Every piece of technology eventually finds its way into that big electronics bin in the sky – we saw this happen with bag phones, car phones and even pagers – and it looks like the old SIM Card may soon be on its way there as well. Apple and Samsung are rumored to be in advanced talks with the GSM Association (GSMA)…the one that represents mobile operators worldwide…and are on the verge of announcing an agreement to produce an embedded SIM (e-SIM) in mobile devices, including smartphones.
The traditional SIM Card is either included or purchased when you pick up a new smartphone (or tablet) at your particular carrier. The information on that card allows it to work with ONLY their network, making it more of a pain to move to another carrier…and sometimes more costly because they may charge you for the card or charge an activation fee. With an embedded e-SIM Card, the technology is part of the device and travels with you to any carrier. There would be no more fumbling around to slide the old SIM Card out, slide the new one in and then activate it. This would be a huge step forward for customers that would allow them to freely take their device to another network without having to change or pay for a new SIM Card.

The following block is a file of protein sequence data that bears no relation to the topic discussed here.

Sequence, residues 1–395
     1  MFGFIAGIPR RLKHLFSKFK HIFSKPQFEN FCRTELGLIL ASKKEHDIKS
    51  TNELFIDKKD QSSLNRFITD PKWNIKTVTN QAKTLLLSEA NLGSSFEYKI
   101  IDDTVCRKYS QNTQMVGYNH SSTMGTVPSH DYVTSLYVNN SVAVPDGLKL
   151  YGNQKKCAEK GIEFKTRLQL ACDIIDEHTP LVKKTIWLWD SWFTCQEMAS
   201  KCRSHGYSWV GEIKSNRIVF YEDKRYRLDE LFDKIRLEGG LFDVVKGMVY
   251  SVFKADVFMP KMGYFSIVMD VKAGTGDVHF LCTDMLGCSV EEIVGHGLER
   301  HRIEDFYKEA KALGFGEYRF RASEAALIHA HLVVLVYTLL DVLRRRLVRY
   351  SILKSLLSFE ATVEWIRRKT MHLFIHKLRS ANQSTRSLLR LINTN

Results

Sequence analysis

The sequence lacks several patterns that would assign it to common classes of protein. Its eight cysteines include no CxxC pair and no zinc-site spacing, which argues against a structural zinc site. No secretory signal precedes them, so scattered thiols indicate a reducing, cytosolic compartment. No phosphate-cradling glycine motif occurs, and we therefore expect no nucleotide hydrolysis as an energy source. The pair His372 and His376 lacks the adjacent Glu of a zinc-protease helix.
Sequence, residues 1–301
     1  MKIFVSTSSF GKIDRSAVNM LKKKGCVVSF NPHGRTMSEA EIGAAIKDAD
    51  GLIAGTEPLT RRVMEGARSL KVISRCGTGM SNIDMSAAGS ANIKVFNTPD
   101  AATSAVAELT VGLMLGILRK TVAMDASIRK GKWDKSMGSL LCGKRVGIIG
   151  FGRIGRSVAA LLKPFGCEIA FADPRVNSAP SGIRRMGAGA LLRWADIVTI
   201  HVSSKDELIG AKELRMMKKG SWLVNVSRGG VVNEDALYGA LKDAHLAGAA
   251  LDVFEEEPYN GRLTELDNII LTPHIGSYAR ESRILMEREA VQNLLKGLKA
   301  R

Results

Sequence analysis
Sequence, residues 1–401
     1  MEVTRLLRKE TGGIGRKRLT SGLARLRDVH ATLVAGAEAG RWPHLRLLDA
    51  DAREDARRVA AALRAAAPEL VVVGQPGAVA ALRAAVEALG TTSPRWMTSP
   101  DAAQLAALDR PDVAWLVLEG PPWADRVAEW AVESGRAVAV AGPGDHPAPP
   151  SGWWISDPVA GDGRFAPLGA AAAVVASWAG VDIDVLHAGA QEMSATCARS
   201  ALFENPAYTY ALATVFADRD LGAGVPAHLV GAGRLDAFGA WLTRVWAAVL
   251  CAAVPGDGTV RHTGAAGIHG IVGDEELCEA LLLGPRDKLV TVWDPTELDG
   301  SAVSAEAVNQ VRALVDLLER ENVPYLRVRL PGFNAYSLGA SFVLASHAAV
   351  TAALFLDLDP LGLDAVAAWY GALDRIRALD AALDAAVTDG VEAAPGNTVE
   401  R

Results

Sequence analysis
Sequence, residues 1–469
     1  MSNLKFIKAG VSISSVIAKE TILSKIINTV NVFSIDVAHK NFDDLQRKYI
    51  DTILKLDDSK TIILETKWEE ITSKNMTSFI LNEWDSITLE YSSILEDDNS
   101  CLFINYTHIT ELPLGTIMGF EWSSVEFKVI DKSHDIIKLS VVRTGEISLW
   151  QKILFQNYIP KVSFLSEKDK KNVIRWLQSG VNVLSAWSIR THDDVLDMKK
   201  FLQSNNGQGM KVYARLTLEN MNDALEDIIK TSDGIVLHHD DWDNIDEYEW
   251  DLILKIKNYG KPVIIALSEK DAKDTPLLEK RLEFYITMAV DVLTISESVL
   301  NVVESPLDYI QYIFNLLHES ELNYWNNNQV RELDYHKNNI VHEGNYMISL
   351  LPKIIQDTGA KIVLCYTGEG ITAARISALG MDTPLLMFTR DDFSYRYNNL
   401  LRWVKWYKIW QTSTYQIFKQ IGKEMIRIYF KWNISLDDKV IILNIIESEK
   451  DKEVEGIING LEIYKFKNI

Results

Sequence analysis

The phone manufacturers are onboard, although the carriers themselves may not like the idea. Already onboard are AT&T, Deutsche Telekom, Etisalat, Hutchison Whampoa, Orange, Telef³nica and Vodafone. Anne Bouverot, chief executive of the GSMA says the purpose and objective of these talks is to agree on a "common architecture." Between now and when the e-SIMs will actually arrive in our devices could be at least a year away. The GSMA said, "With the majority of operators on board, the plan is to finalize the technical architecture that will be used in the development of an end-to-end remote SIM solution for consumer devices, with delivery anticipated by 2016."
Dr. Markus Kuhn from the University of Cambridge believes that SIM Card days are numbered and that users may soon be using a password or software to access the networks. A user could actually have a plan on more than one carrier and switch between whichever one is cheaper depending where they are at that particular time. He envisions apps and software that will automatically determine the cheapest rate and connect you to that network. It would also boost security by allowing the user to change their password to ward off any outside attacks.